[quote]Theory One (Ford, 1998) states that once the motion of the system begins, an angular momentum is developed in the system and the distal segment lags behind. As the proximal segment approaches maximum velocity, an external force opposes this motion, which negatively accelerates the proximal segment, allowing inertia to propel the distal segment forward. Kreighbaum and Barthels explained that as a result of the negative acceleration of the proximal segment, the axis of rotation for the more proximal segment shifts from the proximal end to the distal portion, decreasing the radius of gyration, thus decreasing the rotational inertial for the more distal segments (Kreighbaum & Barthels,1985).

This theory is the more widely accepted of the two theories and has been studied in various movements (e.g. throwing, kicking, striking). The most common analysis of Theory One is the overhand baseball throw. In a study simulating the overhand throw, Herring concluded that a series of events including: (1) proximal-to-distal sequence of the onset of joint moments, (2) simultaneous peaking of segment velocities at the instant of the preceding segments minimal velocity and (3) reversing moments, created an inertial influence on the acceleration of the distal segment (Herring & Chapman, 1992). Another study that supported Theory One utilized a model to fractionate the three dimensional angular acceleration vector of the segments during an overhand throw into the two-dimensional kinetic and kinematic parameters (Feltner, 1989).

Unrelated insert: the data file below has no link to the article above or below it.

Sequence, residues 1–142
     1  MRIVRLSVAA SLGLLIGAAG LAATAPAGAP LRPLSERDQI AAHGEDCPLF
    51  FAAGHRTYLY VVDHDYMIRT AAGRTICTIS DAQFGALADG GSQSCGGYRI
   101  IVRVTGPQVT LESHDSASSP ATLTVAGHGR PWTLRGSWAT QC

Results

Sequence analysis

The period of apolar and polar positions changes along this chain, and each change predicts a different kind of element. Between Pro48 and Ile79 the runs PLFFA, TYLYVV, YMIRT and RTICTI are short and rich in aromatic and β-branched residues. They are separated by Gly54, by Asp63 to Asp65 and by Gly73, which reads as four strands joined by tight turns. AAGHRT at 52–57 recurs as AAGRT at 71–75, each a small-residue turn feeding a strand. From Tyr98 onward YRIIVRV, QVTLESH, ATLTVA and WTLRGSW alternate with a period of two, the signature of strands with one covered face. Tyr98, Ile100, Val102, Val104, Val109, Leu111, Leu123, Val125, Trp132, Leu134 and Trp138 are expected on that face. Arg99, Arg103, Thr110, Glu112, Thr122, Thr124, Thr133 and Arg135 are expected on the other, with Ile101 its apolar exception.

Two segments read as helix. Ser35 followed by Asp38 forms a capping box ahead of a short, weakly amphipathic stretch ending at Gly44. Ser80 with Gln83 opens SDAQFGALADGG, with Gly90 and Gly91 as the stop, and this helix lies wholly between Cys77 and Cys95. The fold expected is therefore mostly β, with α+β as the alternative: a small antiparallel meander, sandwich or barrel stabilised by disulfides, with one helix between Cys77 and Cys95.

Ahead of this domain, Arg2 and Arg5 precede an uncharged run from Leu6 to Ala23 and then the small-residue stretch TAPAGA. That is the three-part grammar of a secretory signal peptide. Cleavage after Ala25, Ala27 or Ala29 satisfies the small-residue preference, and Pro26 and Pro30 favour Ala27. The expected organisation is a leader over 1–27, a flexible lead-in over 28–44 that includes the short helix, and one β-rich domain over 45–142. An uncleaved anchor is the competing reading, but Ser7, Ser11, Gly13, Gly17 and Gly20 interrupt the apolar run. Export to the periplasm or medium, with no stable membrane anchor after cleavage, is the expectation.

The results of this computer model revealed that the elbow extensor muscles created no extension moment as the distal segment began its rapid extension, suggesting that the inertial component of this joint action was the responsible agent for elbow extension. While Feltner was the first to propose that the elbow extensors did not contribute substantially to elbow extension during the overhand throw, it was not until Dobbins (Roberts, 1971) who, through the use of a differential radial nerve block to eliminate triceps activity, was able to provide substantive proof. Dobbins reported that after six practice trials, the participants were able to throw at greater than 85% of the velocity attained before the nerve block. These findings give credence to Feltner’s suggestion of the relative lack of contribution of the elbow extensor muscles during the rapid elbow extension during the overhand throw. The notion that the elbow extensors sparsely contribute to elbow extension in the overhand throw was further supported by two other groups, who reported very little elbow extensor activity during the rapid elbow extension using EMG analysis (Toyoshima et al., 1976; Atwater, 1979; Fleisig et al., 1995), each supporting the inertial based Theory One (Ford, 1998)[/quote]

this is fantastic stuff, paul. Do you have any other studies that look at the activation of various muscles during certain phases of the throw? For example pec major or latissimus dorsi? I remember reading a study that found high level throwers activated their lats 300% more than lower level throwers.

This stuff seems very relevant to where emphasis is placed in a pitcher’s strength training program. If the elbow extensors don’t play an active role in the throw, this seems like another blow to the whole bench pressing for pitchers debate. Anecdotally I feel like the lats play the biggest active role, but I would love to see more research like this.

thanks Paul

By the way, Feltner (and Dapena, the person responsible for the creation of motion capture labs) is hugely influential when it comes to understanding the biomechanics of pitching. Look up his other work for more information.

for those who are interested in Paul’s source. Great stuff so far, I’m still working on it.